All preconceptions about Jane Austen’s stories are joyfully blown apart in Pride and Prejudice* (*sort of). This is no prim and posh drama but a profanity-filled comedy that celebrates the original novel while playfully exposing and picking apart Austen’s world. Originally staged at The Tron in Glasgow, it features a variety of accents from Scottish to Northern Irish, with a text ruggedly and hilariously translated into modern vernacular.
With an all-female cast, it is framed as five servants coming out from the shadows of Austen’s book to tell the story of the Bennet sisters and their pursuit of love. The impressive quintet of Tori Burgess, Christina Gordon, Hannah Jarrett-Scott, Isobel McArthur and Meghan Tyler take on all the roles, from Lizzie and Jane Bennet to the severe Mr Darcy and the nice-but-dim Mr Bingley. Directed by McArthur with Simon Harvey, they lucidly (and pretty accurately) present the story familiar from numerous film and TV adaptations, with Regency set and costumes designed by Ana Inés Jabares-Pita. Like a riotous karaoke party, modern pop songs have been ingeniously added into the mix, reminding us that there are some emotions that are as “universally acknowledged” now as they were in 1813.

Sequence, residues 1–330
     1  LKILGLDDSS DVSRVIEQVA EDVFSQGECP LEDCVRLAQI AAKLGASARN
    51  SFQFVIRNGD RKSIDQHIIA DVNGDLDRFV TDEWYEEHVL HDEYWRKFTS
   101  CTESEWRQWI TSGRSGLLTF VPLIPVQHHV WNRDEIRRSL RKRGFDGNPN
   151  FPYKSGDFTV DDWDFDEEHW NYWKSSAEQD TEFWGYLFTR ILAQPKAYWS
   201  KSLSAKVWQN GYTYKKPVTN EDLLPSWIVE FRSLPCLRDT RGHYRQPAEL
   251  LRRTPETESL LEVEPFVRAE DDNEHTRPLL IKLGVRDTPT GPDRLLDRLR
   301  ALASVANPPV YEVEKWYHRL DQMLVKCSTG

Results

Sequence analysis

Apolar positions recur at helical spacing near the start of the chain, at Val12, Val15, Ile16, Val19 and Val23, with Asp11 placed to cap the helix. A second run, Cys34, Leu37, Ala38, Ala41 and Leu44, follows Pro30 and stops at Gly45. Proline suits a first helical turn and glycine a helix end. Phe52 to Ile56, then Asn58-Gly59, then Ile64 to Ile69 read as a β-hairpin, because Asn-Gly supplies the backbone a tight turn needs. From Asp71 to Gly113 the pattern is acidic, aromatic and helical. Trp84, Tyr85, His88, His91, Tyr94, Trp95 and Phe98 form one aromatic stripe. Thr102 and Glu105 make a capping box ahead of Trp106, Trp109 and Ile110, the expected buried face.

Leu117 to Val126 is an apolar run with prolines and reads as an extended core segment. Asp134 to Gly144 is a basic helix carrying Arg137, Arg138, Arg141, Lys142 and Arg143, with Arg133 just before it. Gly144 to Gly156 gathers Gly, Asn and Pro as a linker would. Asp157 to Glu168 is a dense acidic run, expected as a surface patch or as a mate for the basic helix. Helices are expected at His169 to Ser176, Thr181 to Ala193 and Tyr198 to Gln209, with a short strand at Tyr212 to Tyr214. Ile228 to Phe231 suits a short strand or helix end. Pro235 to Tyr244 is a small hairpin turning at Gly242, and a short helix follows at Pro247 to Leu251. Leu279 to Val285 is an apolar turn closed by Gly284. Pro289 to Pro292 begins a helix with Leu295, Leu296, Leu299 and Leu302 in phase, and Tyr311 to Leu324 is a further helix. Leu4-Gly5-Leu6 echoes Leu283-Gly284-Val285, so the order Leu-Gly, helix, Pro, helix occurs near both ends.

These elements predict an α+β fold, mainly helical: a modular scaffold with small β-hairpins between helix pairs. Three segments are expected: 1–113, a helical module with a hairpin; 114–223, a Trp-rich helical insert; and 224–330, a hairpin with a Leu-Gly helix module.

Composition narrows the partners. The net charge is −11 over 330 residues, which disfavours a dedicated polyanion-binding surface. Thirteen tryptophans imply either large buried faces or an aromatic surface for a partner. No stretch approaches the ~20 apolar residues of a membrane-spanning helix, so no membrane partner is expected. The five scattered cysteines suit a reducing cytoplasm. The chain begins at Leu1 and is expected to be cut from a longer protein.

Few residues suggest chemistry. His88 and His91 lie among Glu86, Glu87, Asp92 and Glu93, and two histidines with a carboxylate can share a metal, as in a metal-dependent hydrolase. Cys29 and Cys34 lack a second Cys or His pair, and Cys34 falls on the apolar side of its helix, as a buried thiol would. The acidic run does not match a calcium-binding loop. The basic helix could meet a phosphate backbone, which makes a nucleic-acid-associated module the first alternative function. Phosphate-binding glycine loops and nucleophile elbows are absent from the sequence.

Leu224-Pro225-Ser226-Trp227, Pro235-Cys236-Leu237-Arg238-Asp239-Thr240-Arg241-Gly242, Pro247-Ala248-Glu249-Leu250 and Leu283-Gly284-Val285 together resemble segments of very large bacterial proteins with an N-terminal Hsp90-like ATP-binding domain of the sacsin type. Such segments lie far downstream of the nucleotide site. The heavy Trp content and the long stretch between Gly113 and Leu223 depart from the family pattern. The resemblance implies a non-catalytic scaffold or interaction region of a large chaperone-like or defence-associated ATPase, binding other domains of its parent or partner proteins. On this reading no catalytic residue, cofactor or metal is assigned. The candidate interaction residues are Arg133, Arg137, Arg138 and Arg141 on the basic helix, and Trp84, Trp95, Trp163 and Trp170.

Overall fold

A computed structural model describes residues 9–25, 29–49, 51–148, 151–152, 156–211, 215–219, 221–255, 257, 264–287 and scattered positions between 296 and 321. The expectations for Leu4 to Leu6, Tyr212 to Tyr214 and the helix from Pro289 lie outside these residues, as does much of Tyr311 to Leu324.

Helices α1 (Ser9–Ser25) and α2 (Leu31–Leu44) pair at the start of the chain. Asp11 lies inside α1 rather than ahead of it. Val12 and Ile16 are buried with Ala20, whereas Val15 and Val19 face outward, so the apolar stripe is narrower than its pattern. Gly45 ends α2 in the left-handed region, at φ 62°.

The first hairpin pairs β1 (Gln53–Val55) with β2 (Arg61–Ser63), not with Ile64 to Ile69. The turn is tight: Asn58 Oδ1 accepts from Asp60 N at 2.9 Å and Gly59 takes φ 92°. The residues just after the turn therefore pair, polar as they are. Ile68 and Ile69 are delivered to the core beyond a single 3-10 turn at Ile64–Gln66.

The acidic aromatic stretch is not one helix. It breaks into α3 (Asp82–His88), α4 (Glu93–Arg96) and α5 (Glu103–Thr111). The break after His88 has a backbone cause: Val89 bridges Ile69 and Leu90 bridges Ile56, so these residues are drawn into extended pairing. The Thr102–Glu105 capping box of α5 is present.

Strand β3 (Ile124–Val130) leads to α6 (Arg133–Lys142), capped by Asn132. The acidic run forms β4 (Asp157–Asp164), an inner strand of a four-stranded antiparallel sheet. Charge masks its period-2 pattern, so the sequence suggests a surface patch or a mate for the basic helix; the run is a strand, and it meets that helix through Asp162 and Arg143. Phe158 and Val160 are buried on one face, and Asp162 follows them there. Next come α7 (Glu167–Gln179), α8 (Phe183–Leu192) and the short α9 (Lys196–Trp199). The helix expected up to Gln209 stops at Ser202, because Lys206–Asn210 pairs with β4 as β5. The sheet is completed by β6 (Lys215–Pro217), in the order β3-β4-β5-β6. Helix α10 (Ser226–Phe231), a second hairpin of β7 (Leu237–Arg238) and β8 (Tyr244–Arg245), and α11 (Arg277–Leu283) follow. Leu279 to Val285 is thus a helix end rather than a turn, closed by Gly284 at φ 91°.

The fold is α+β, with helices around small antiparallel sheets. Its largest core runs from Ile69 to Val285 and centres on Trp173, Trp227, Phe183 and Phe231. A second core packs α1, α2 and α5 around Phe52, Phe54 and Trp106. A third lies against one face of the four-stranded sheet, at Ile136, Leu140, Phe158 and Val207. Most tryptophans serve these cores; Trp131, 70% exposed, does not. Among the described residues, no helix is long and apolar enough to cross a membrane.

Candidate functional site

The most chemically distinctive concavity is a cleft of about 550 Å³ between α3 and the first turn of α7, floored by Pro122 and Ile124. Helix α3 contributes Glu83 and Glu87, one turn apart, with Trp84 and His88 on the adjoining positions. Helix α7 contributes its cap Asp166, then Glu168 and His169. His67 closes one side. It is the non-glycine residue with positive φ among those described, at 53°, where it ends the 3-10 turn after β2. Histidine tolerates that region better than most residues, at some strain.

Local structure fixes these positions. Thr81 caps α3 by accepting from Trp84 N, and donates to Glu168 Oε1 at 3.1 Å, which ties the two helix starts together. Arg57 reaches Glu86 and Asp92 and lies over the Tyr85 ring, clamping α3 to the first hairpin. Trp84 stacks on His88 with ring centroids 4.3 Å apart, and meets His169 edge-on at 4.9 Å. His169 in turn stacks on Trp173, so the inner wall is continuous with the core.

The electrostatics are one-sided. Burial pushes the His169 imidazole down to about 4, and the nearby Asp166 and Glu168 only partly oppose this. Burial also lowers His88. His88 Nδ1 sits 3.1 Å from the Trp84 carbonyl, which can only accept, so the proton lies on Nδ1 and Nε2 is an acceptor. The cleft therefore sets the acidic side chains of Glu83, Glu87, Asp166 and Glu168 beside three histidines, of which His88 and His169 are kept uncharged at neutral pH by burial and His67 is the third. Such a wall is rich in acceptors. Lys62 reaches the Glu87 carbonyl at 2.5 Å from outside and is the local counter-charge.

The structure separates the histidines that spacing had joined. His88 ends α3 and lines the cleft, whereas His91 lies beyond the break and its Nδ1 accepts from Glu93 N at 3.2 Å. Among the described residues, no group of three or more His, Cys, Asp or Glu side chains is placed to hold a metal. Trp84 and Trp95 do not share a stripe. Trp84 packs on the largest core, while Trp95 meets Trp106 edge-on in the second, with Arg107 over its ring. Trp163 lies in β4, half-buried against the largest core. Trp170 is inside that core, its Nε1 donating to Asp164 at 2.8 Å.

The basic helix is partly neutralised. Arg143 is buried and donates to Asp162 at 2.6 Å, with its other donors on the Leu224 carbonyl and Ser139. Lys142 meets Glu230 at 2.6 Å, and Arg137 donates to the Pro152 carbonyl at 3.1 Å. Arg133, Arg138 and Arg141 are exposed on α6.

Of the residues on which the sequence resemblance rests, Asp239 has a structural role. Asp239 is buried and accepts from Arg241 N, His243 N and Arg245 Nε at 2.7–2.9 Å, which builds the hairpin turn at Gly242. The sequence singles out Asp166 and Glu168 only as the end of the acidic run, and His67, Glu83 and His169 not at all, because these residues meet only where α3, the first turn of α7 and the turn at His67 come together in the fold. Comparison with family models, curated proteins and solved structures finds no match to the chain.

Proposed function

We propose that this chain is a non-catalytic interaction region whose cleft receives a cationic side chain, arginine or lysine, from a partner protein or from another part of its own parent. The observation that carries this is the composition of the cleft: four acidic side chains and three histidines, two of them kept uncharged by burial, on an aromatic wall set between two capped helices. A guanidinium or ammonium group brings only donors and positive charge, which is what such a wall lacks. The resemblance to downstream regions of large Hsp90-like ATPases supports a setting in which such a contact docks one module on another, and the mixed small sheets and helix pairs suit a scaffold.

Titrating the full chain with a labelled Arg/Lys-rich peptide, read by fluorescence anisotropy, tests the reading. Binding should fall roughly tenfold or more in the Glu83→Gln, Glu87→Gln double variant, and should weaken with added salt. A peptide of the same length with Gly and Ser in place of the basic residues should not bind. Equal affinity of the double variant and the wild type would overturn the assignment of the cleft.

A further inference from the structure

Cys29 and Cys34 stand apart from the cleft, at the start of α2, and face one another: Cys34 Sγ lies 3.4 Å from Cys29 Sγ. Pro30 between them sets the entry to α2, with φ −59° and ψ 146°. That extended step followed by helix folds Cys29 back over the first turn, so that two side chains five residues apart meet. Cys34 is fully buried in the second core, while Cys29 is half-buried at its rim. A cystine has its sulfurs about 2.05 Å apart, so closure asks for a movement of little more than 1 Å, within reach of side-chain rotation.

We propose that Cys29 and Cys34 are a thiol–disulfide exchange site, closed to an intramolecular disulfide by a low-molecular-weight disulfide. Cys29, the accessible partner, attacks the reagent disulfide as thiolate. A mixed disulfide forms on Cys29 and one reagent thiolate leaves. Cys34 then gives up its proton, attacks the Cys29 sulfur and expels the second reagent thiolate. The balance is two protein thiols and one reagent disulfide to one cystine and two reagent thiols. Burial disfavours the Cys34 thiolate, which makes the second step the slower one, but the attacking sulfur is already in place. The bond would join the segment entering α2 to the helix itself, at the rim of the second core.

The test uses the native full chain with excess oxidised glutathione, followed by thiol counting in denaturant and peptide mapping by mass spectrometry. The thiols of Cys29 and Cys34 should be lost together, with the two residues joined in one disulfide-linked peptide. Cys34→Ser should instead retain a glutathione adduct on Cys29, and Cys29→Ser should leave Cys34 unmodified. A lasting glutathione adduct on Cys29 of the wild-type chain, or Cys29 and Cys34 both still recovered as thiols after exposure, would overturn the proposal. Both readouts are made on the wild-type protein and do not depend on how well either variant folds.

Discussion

You don’t need to know, or even like, Austen’s books to enjoy the show but there are a few in-jokes thrown in for Austen fans as well as satirical commentary on her novels and the patriarchal, unequal society of her time. It highlights how women were in vital need of a husband for economic reasons and how working-class stories – namely servants – were rarely represented in fiction. The story and characters are placed in a 21st-century context, touching on toxic masculinity and other topical issues. But it never becomes overly didactic, prioritising laughs and broad anarchic comedy with little letup in its well-oiled momentum.
Now playing at the Criterion Theatre in London to 13 February 2022.
Pictured top: Tori Burgess, Isobel McArthur, Hannah Jarrett Scott, Christina Gordon and Meghan Tyler. Photo: Matt Crockett
Originally published on BritishTheatre.com.